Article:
Iran continues to face nationwide protests, interestingly led by women, merchants, workers, and many who have not previously participated, raising risks of social upheaval. But 2023 is the year to watch.
First, these protests are social in nature, representing a broad swatch of the population – half of whom are under 35. They are fundamentally discontent. In a country where protestors are often killed, 300 dead in recent months, revulsion is growing with their treatment and murder, especially of women.
The Iranian “morality police” first killed a young woman for improper headscarf, then denied it and have since continued to target women for arrest. Contrary to the expectation, this appears to have triggered wider disaffection with the regime, which has in turn triggered formal execution.
The odd part about nationwide protests based on revulsion with this kind of inhumanity is that they are less likely to end with economic appeasement, a foreign distraction, or blunt crackdowns. Revulsion with inhumanity only grows with more revolting acts of inhumanity.
Second, Iran’s economy – which was subject to “maximum pressure” by Trump-era sanctions – has continued to slow. In the Trump years, Iran suffered year-over-year negative growth. This reversed Obama-era appeasement, put new pressure on the government, and squeezed Iran’s power to sell oil, oppress its own people, satisfy the military, and push international terror.
Where “planeloads of cash” were delivered by Obama-Biden to Iran’s leaders in exchange for unverifiable (and transparently false) promises of a suspended nuclear program, sanctions bit.
US foreign policy began integrating the Middle East with bilateral peace accords between Arab nations and Israel while Iran remained the outlier. Biden’s team initially restarted failed nuclear talks, imagining ink on paper with Iran meant something, but as protests grew, they stepped back.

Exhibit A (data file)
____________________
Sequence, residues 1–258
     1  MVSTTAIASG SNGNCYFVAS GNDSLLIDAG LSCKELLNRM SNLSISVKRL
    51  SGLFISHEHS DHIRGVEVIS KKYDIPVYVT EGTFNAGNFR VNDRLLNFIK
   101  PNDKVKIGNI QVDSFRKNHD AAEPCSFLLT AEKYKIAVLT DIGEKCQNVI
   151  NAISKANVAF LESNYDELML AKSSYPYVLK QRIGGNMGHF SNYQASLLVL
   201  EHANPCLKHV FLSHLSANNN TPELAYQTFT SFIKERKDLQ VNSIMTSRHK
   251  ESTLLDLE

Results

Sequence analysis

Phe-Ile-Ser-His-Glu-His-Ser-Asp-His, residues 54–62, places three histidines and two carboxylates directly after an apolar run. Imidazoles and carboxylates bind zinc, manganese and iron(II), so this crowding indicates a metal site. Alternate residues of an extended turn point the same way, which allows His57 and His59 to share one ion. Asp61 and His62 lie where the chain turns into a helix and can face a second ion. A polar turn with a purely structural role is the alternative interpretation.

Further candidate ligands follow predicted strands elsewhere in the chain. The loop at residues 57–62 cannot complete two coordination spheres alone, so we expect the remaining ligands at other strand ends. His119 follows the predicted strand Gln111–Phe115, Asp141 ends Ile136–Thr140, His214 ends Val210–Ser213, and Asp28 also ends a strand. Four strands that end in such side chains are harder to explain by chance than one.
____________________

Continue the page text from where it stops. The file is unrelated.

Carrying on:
With Trump-era sanctions still in place, the Iranian economy is slowing at a faster rate than many thought possible. Thus, while Biden’s first two years offered hope to Iran’s repressive government, the last two offer no hope.
Iran’s economy reflects this reality. Iran’s economy has continued to crater, early high estimates of eight percent growth falling back to a 2.2 percent and falling for 2023. Meantime, the International Monetary Fund (IMF) puts Iran’s estimated inflation in 2023 at 40 percent – and rising.
The combination is likely to be a pincer, squeezing Iran’s government on everything from nuclear weapons development and military salaries to terror finance and employment.
Iran’s people are smart, remarkably pro-Western in many ways, not interested in continued religious, social – or economic persecution. They are aware that sanctions are intended to pressure the government, and many are for the effort.
What is most remarkable is the potential confluence – like two rivers coming together – of current trends. Revulsion with the Iran’s radical Islamic theocracy crackdown, punishing women and protestors with death, may combine with a sudden jump in unemployment, inflation, and hard times.
Iran’s leadership is aging fast, demographic data not promising, and indicia of social unrest growing. What this means – since none of us can predict the future – is rising uncertainty. Just as things changed suddenly in the late 1970s, things could change suddenly now.
What we do know is that Iran is reeling under the sudden, oddly bipartisan – since Biden has no choice – reality of US sanctions staying in place, no fresh US money, and growing solidarity among its adversaries.
Iran still counts Russia and China as allies, if peripherally, with reservations, and simply for the self-interest of these two. But even as Russia flies Iranian drones against Ukraine, and China looks for oil in the Middle East, Iran is in retrograde.
These protests are an important mark in time – a potential turning point. If combined in 2023 with a sudden shift away from faith in an ignoble, inhumane, evil government – one that has long oppressed its people, tormented the region, and terrorized the world – we could see some unpredicted change.
Totalitarian governments are hard to shift, reform, and – in the extreme – overturn. But movements “of the people, for the people, and by the people,” can also be powerful, sometimes hard to put down. Iran is in the midst of social, economic, and geopolitical change, and 2023 is the year light could replace darkness. We will see – but watch Iran in 2023.
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